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by Paul Finkelman
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Sociology
  • Author:
    Paul Finkelman
  • ISBN:
    0824067908
  • ISBN13:
    978-0824067908
  • Genre:
  • Publisher:
    Garland Science; 1 edition (February 1, 1990)
  • Pages:
    581 pages
  • Subcategory:
    Sociology
  • Language:
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    1128 kb
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New York: Garland Publishing, In. 1989. Abstract views reflect the number of visits to the article landing page

New York: Garland Publishing, In. Abstract views reflect the number of visits to the article landing page. Views captured on Cambridge Core between

Paul Finkelman (born November 15, 1949, in Brooklyn, New York) is an American legal historian, who in 2017 became President of Gratz College, Melrose Park, Pennsylvania.

Paul Finkelman (born November 15, 1949, in Brooklyn, New York) is an American legal historian, who in 2017 became President of Gratz College, Melrose Park, Pennsylvania (the oldest independent institution of Jewish learning in the United States).

1 2 3 4 5. Want to Read.

Paul Finkelman is an American legal historian.

First Published in 1990  . 0824067908 (ISBN13: 9780824067908). Paul Finkelman is an American legal historian. He received his undergraduate degree in American studies from Syracuse University in 1971, and his master's degree (1972) and doctorate (1976) in American history from the University of Chicago. Books by Paul Finkelman.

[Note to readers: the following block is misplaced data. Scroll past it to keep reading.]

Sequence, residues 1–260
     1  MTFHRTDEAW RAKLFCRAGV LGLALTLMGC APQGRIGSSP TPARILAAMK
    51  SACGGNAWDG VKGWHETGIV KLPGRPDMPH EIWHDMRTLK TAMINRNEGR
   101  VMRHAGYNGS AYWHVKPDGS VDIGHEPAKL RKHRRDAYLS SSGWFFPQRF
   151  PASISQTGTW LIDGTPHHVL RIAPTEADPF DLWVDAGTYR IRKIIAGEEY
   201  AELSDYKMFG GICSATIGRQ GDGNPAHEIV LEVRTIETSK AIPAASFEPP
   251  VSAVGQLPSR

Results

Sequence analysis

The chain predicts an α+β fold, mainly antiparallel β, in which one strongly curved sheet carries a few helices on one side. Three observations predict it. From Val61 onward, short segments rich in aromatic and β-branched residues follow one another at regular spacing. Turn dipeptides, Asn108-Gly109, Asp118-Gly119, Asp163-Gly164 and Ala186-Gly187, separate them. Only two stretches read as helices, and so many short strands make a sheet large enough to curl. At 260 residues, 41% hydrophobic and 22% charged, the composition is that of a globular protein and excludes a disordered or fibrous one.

Articles on American Slavery. Curated articles & papers on various economics topics. New York: Garland Publishing, In. Upload your paper to be listed on RePEc and IDEAS.

As a response to Time on the Cross, academic economist Paul A. David, the Professor Emeritus and Senior . Paul A. David, Reckoning with Slavery: A Critical Study in the Quantitative History of American Negro Slavery (New York: Oxford University Press, 1976).

David concludes Time on the Cross is full of errors.

This article discusses the importance of including the topic of slavery in constitutional law classes. In the years preceding the Civil War, slavery was one of the most important economic institutions in the United States. Today, however, slavery is rarely mentioned in depth in modern constitutional law classes. By omitting the topic of slavery, students receive a skewed and incomplete view of the development of the Constitution. Finkelman, Paul, Teaching Slavery in American Constitutional Law (2000).

Coverage begins just prior to the American Revolution, including the Revolution, the framing of the American Constitution, the organization of a new national government, the development of the party system, the Louisiana Purchase, the second war with Britain, the acquisition of Florida and the Monroe Doctrine. Chronologically, this period is roughly from 1754 (beginning of the Seven Years' War) to the inauguration of President Andrew Jackson (1829).

That volume, subtitled The Economics of American Negro Slavery . And as expected, Fogel and Engerman, and their students, published articles that defended their findings.

That volume, subtitled The Economics of American Negro Slavery, was described on the jacket cover as a sweeping reexamination of the economic foundations of American Negro slavery. The text continued in that bold and provocative style. The book was intended to do more than just straighten out the traditional interpretation of the economics of slavery. It aimed to strike down the view that black Americans were without culture, without achievement, and without development for their first two hundred and fifty years on American soil (p. 258).

First Published in 1990. Routledge is an imprint of Taylor & Francis, an informa company.